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How to get your web API noticed

mikeralphson profile image Mike Ralphson ・4 min read

Web API discovery is a somewhat sprawling and amorphous topic. There is no one right way to achieve it, and no simple silver bullet.

This post offers a number of strategies, both aimed at your human-readable documentation and your machine-readable API definitions, to make them stand out and attract potential users.

Document your API

If nothing else, provide reference documentation and examples so people know how your API works. Aim for a low "time-to-first-200-OK"; can users access the root node of your hypermedia API, or a status page, with a simple curl request?

Slate provides a quick and easy static site generator from simple markdown to a classic three-panel documentation display.

Slatedocs

Provide an API Portal

The next stage of API publicity is the API or developer portal. This is a home base or one-stop-shop for your API users. Some of this may only be necessary if your API is a commercial offering. It should include onboarding documentation, key / authentication management, API reference, terms of service, SLAs, pricing, support / helpdesk information, a downloadable API definition, sunset / deprecation information and anything else required during the lifecycle of using your APIs. Making everything available in one place keeps your API consumers happy and keeps them coming back for updated information.

Redoc.ly has a developer portal in-a-box offering in beta which is well worth a look.

Follow industry standards

Use of industry standards and norms will speed the onboarding process for experienced API consumers. From simply using JSON requests and responses, to following IETF RFCs for problem reporting and healthcheck status, standards for the HTTP PATCH method and sunset / deprecation information, standing on the shoulders of giants saves you API design time and potential rework in the future.

standards.rest is a great starting point to ensure that you're not reinventing the wheel.

Publish an OpenAPI document

The OpenAPI Specification [OAS] is the industry-leading API description standard. By making your API documentation machine-readable, you enable a complete eco-system of tooling which supports your API through interactive documentation and testing / mocking to client and server code generation and more.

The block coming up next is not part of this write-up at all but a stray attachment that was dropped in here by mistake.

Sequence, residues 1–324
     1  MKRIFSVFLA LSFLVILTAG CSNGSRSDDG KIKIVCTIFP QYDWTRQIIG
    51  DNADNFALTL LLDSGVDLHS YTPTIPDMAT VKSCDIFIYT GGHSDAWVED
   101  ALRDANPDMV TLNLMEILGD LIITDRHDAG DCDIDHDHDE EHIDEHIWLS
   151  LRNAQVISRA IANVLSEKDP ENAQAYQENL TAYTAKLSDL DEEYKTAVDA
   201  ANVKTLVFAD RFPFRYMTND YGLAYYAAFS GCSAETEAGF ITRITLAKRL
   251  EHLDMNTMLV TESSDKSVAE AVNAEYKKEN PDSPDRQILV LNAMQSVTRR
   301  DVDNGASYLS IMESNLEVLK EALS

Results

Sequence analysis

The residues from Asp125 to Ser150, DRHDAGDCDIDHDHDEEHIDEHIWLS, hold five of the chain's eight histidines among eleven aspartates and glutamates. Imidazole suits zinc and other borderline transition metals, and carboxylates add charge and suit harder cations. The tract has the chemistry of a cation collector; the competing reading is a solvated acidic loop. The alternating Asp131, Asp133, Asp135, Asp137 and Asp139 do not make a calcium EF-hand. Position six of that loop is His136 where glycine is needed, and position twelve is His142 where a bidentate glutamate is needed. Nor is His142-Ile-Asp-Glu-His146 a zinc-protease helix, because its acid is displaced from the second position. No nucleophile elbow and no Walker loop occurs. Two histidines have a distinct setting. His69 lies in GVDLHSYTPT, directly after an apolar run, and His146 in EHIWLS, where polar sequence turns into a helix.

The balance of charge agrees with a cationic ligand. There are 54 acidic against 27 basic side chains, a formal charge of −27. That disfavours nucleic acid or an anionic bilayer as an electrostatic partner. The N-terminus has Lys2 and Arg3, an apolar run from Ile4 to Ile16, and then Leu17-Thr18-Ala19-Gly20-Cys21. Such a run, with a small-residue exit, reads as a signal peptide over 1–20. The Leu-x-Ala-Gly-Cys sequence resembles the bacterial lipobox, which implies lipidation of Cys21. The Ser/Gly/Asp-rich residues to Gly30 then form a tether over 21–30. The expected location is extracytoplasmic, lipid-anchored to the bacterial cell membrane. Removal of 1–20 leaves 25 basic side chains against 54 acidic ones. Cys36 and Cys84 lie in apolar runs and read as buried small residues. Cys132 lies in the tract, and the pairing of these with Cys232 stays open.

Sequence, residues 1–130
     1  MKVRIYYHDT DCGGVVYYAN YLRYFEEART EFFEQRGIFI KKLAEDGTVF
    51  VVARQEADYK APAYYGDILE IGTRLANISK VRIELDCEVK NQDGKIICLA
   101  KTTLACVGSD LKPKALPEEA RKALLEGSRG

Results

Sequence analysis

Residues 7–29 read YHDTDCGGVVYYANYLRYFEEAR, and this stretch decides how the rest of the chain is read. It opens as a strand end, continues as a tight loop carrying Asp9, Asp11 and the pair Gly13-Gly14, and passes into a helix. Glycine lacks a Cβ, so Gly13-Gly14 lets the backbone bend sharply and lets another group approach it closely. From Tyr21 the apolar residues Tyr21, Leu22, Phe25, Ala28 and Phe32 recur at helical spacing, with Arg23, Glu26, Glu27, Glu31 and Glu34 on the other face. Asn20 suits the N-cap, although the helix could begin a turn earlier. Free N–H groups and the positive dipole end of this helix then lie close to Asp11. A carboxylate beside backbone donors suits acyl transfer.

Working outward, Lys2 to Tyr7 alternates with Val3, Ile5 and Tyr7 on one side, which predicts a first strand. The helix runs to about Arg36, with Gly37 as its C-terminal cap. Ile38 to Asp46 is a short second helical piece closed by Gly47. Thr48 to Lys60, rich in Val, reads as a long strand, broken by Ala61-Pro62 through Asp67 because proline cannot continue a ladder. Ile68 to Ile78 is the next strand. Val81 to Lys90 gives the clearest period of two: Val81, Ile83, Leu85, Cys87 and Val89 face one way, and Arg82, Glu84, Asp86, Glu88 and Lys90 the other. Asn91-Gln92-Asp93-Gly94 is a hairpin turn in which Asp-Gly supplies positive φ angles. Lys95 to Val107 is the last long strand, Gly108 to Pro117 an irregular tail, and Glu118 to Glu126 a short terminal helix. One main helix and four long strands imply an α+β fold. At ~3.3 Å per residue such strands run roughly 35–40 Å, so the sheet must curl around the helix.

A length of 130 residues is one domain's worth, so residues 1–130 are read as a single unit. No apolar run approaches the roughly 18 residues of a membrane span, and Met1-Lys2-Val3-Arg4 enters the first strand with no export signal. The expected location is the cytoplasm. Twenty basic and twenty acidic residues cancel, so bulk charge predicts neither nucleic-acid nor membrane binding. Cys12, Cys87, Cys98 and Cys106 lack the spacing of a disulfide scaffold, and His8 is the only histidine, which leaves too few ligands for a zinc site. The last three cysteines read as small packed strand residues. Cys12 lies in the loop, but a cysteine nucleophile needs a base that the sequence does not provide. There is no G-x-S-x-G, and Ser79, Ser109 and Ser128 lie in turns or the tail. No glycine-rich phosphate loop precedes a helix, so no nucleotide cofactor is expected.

OAS version 3.0 recommends your API definition be called openapi.yaml or openapi.json though currently makes no further suggestions on discovery.

Your API definition should be prominently linked to from your API portal, and included in your repository if your project is Open-Sourced. Don't forget to validate your API definition to make sure it is OAS compliant and lint it to make sure it is complete and consistent.

Submit to APIs.guru OpenAPI Directory

If your API meets the inclusion criteria:

  • Public - anyone can access it as long as they follow some clearly defined steps (subscribe, pay fees, etc.).
  • Persistent - API is made with long-lived goal, and not for a particular event (conference, hackathon, etc.).
  • Useful - API should provide useful functionality not only for its owner.

then the APIs.guru OpenAPI-Directory is an excellent showcase for your API definition. It is the largest independent directory of machine-readable API definitions. Submit your API here.

The directory currently includes over 3,100 API definitions ranging from world-leading cloud vendors to self-hosted informational APIs. Inclusion in the directory automatically makes your API available to several integrated platforms and products.

APIs.guru OpenAPI-Directory

Other directories / marketplaces you might consider submitting your API to include RapidAPI / the Postman Collection network and ProgrammableWeb.

service-desc Link relation type

One way to point to your OAS document is to use an HTTP Link header with a relation-type (rel value) of service-desc. More information can be found in RFC-8631

Schema.org WebAPI type

Another way to make your API and its definition discoverable is to use the Schema.org WebAPI type.

Using a format such as JSON Linked-Data (JSON-LD) you can embed machine-readable metadata in your web pages describing your API and linking to your documentation.

    <script type="application/ld+json">
    {
      "@context": "http://schema.org/",
      "@type": "WebAPI",
      "name": "Google Knowledge Graph Search API",
      "description": "The Knowledge Graph Search API lets you find entities in the Google Knowledge Graph. The API uses standard schema.org types and is compliant with the JSON-LD specification.",
      "documentation": "https://developers.google.com/knowledge-graph/",
      "termsOfService": "https://developers.google.com/knowledge-graph/terms",
      "provider": {
        "@type": "Organization",
        "name": "Google Inc."
      }
    }
    </script>

APIs.json

A little obscure and pending some work to update it, apis.json is "a machine readable approach that API providers can use to describe their API operations, similar to how web sites are described using sitemap.xml".

This format can come into its own when you have a number of APIs to describe, and need to link to various documentation and support pages for each.

Others?

Please let me know if you think I've missed anything important in this round-up, and I'll be sure to update and credit you.

Thanks

To Aijaz Ansari for inspiring this post with a question on Twitter.

Posted on by:

mikeralphson profile

Mike Ralphson

@mikeralphson

Maintainer APIs.guru, OpenAPI Initiative Technical Steering Committee member, co-chair W3C WebAPI Discovery Group

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